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Selected Instructional Course Lecture   |    
Spondylolisthesis and Spondylolysis
Serena S. Hu, MD1; Clifford B. Tribus, MD2; Mohammad Diab, MD1; Alexander J. Ghanayem, MD3
1 Department of Orthopaedic Surgery, University of California, San Francisco, 500 Parnassus Avenue, Room MU 320W, San Francisco, CA 94143
2 Department of Orthopedic Surgery and Rehabilitative Medicine, University of Wisconsin, K4/746 Clinical Science Center, 600 Highland Avenue, Madison, WI 53792
3 Department of Orthopaedic Surgery and Rehabilitation, Loyola University Chicago, 2160 South 1st Avenue, Maywood, IL 60153
View Disclosures and Other Information
Printed with permission of the American Academy of Orthopaedic Surgeons. This article, as well as other lectures presented at the Academy's Annual Meeting, will be available in March 2008 in Instructional Course Lectures, Volume 57. The complete volume can be ordered online at www.aaos.org, or by calling 800-626-6726 (8 a.m.-5 p.m., Central time).
Disclosure: The authors did not receive any outside funding or grants in support of their research for or preparation of this work. One or more of the authors, or a member of his or her immediate family, received, in any one year, payments or other benefits of less than $10,000 or a commitment or agreement to provide such benefits from a commercial entity (ESM Technologies, LLC). Commercial entities (Medtronic, DePuy, and Synthes) paid or directed in any one year, or agreed to pay or direct, benefits in excess of $10,000 to a research fund, foundation, division, center, clinical practice, or other charitable or nonprofit organization with which one or more of the authors, or a member of his or her immediate family, is affiliated or associated.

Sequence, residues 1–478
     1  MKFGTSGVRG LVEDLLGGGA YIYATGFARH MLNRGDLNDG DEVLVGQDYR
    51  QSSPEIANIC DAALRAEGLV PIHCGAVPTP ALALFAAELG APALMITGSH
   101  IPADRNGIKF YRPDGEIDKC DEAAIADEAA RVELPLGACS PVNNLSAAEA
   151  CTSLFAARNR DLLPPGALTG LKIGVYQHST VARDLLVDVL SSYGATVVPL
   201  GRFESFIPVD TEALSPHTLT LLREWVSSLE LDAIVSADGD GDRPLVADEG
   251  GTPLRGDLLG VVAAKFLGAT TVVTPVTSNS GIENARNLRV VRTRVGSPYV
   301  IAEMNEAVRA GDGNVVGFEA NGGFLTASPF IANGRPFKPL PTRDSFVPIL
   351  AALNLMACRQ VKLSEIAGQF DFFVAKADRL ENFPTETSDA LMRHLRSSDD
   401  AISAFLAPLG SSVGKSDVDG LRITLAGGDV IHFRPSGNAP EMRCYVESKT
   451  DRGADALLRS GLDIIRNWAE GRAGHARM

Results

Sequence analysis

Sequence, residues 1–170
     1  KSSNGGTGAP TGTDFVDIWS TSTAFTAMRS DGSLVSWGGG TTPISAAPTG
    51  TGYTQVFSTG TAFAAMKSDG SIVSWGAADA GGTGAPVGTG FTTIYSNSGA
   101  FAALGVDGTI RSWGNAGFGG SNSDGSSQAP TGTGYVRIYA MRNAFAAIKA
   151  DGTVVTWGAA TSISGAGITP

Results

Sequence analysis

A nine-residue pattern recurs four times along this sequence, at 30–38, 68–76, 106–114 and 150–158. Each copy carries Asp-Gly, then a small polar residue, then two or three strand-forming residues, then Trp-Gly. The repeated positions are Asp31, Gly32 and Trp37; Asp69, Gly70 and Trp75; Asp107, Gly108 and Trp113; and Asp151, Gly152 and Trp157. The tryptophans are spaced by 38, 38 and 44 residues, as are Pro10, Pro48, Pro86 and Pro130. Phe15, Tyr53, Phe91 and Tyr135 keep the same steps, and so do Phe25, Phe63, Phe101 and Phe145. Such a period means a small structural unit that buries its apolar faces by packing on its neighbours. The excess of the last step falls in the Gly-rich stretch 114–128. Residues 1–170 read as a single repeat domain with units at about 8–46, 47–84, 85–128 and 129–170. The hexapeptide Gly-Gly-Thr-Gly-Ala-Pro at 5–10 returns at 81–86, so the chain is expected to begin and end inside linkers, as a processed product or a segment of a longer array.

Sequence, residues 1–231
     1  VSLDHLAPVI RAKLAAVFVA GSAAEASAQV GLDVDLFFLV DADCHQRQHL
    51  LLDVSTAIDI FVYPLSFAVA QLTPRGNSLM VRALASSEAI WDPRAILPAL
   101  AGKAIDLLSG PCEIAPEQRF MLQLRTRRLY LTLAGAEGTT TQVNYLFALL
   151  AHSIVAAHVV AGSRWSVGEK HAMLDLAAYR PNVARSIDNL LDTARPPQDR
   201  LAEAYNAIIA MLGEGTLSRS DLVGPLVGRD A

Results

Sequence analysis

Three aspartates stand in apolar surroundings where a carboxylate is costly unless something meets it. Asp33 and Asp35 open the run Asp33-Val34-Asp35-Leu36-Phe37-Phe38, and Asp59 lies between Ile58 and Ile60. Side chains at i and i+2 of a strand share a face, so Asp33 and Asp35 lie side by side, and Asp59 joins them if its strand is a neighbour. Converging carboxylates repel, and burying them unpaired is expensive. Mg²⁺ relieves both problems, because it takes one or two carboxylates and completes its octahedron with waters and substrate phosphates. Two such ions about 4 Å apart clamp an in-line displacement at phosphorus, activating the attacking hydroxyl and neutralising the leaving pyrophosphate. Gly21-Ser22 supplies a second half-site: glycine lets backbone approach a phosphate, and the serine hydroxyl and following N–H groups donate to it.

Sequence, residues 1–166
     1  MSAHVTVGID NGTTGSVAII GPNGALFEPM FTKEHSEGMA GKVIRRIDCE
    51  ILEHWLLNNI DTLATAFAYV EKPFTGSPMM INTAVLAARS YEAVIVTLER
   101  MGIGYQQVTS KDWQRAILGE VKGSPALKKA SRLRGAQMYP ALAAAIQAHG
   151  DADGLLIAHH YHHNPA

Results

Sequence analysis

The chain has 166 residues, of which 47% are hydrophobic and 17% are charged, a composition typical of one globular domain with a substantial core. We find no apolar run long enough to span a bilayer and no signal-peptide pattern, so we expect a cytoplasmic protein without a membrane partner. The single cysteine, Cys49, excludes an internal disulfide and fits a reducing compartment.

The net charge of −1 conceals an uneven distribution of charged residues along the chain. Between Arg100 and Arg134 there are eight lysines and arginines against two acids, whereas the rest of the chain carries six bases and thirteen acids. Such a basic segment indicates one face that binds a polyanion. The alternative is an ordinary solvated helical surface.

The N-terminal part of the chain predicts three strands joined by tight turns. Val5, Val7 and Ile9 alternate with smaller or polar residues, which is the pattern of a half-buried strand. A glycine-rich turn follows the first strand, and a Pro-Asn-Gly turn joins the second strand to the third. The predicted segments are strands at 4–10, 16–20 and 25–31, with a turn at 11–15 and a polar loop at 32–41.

The Journal of Bone and Joint Surgery, Inc.
J Bone Joint Surg Am, 2008 Mar 01;90(3):656-671
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Extract

The term "spondylolisthesis" refers to slipping, or olisthesis, of a vertebra ("spondylos" in Greek) relative to an adjacent vertebra. The term "spondylolysis" refers to dissolution of, or a defect in, the pars interarticularis of a vertebra. To these original terms has been added "spondyloptosis," from the Greek "ptosis" (falling off or down) to indicate a vertebra that is completely or essentially completely dislocated.
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    These activities have been planned and implemented in accordance with the Essential Areas and policies of the Accreditation Council for Continuing Medical Education (ACCME) through the joint sponsorship of the American Academy of Orthopaedic Surgeons and The Journal of Bone and Joint Surgery, Inc. The American Academy of Orthopaedic Surgeons is accredited by the ACCME to provide continuing medical education for physicians.
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